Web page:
However I do not agree on Lazenby. Even though he isn’t the best actor ever to have worn a dinner jacket, he still made a good performance and a decent job. And the film itself, with every detail taken together is, undoubtedly, one of the best in the series.
    (I personally hold it as No 1. Closely followed by Thunderball and Russia. Mainly thanks to the cast, the clothes, the soundtrack, the mood, the production design and locations, Draco, the story and the best ski chase ever filmed.)

    Best Regards,
    R Sterling

    • Will Morgan says:

      Thanks for the comment, Sterling.

      I know I’m in the minority among serious fans about Lazenby and OHMSS. It does certainly have its good qualities, but there are just so many things that bug me about it too. The production design is so entrenched in the late 60s that I have trouble getting past all the ugly decor. The sound design is off – the action is too loud, the voices are too soft, and I hate that they dubbed Lazenby as Sir Hillary for half the film. I’ve never really bought into the motives behind Blofield’s plot. I don’t see much chemistry between Bond and Traci, and it bothers me that he seems to be so in love with her that night in the barn when he was literally sleeping with other women just two nights before. And as for Draco, he’s such a sexist. Certainly of his time, but that whole speech in the office about how Traci needs a man to “dominate her…To make love to her enough so that she will love him.” (That may not be an exact quote.) The misogyny is just too blatant to ignore.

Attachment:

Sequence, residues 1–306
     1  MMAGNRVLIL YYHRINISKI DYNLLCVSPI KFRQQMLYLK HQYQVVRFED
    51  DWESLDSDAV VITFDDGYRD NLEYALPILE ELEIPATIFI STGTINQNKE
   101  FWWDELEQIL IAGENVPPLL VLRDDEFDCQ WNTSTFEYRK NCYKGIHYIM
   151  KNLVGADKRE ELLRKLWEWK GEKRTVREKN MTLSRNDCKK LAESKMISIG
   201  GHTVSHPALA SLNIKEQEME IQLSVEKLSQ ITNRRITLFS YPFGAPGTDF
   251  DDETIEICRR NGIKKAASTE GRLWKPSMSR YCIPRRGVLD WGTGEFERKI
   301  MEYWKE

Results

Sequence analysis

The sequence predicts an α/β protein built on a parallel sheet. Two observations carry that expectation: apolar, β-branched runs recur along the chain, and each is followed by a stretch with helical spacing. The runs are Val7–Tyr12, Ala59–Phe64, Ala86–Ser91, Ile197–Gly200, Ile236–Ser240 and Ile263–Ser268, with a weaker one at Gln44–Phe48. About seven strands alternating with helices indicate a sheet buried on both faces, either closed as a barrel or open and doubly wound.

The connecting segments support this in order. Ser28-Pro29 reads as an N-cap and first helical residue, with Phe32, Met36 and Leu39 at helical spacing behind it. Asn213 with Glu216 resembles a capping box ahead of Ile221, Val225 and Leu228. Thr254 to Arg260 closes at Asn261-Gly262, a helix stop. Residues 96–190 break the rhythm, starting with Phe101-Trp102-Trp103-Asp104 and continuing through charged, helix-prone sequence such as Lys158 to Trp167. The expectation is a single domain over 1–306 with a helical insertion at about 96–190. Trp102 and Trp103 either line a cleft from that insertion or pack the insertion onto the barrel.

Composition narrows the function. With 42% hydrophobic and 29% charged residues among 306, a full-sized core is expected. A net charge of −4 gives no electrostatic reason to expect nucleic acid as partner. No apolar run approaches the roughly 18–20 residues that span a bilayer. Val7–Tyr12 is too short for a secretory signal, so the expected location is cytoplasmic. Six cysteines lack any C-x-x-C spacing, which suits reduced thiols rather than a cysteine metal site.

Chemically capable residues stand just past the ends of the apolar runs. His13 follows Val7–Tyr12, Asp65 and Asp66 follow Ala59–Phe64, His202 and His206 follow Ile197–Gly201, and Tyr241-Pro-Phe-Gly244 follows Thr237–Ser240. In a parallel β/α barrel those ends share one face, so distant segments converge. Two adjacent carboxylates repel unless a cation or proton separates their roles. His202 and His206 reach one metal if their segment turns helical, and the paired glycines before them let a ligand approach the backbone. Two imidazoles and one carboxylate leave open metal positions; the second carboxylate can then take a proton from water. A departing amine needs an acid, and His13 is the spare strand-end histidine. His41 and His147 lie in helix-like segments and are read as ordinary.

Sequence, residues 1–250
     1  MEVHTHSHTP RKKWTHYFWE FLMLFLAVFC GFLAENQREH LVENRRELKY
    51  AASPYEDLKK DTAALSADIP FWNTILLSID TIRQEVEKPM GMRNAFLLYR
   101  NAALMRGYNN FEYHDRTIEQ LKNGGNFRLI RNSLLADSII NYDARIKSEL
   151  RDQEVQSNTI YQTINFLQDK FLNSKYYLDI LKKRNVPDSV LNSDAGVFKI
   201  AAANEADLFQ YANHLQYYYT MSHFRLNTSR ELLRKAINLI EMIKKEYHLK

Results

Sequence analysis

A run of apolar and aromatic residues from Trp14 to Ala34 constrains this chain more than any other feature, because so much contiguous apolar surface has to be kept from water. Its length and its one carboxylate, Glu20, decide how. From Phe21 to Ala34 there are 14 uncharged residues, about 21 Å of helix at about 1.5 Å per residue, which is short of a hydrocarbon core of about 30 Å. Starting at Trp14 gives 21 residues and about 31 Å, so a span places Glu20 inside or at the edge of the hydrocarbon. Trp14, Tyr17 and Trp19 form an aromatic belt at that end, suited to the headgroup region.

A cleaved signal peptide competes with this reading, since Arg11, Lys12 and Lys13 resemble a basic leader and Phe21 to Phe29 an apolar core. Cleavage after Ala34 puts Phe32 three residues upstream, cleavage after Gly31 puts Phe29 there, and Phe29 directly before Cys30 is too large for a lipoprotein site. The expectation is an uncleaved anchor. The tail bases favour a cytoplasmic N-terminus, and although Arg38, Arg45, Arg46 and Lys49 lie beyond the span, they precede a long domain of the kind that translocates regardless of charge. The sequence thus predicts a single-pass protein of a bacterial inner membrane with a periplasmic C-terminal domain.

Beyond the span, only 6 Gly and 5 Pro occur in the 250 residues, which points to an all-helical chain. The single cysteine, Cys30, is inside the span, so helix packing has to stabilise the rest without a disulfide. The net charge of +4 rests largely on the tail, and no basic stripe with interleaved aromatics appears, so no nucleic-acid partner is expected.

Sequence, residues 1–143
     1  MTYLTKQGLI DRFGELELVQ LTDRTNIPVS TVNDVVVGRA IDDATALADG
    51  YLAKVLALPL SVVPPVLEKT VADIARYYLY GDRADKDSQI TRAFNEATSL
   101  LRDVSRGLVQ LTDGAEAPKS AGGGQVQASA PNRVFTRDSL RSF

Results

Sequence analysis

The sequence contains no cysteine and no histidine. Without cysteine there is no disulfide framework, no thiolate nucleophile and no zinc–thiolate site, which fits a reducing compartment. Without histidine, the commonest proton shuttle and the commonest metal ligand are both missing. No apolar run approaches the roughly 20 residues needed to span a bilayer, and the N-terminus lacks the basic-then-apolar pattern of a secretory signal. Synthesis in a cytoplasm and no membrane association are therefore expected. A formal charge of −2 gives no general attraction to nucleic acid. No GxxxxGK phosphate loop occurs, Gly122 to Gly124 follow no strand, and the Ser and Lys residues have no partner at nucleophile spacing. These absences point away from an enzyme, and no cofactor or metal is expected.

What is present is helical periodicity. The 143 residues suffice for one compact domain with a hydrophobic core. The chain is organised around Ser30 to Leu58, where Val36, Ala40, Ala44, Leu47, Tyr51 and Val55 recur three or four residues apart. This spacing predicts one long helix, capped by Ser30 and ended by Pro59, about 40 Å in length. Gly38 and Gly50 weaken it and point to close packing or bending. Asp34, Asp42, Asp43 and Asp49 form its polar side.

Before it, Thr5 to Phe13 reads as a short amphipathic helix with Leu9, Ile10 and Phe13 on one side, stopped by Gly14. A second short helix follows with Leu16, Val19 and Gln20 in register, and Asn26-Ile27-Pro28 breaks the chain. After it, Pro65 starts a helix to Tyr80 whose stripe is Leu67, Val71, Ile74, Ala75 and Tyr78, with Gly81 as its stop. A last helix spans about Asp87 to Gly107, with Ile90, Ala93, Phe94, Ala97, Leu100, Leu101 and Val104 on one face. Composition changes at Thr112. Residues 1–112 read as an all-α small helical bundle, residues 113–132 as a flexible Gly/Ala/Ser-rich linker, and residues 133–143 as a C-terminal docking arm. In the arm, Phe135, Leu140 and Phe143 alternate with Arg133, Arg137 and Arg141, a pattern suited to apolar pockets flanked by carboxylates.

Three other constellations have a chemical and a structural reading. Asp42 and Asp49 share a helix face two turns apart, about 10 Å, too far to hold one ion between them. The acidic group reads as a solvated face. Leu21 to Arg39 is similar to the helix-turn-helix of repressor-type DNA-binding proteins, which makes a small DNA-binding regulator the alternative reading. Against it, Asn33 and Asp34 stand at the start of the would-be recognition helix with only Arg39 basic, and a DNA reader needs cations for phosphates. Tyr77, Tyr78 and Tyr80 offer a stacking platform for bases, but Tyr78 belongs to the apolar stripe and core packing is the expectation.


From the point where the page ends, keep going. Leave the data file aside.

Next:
But Barry’s score and the escape from Piz Gloria are certainly highlights in the series.

      Thanks again for the commment!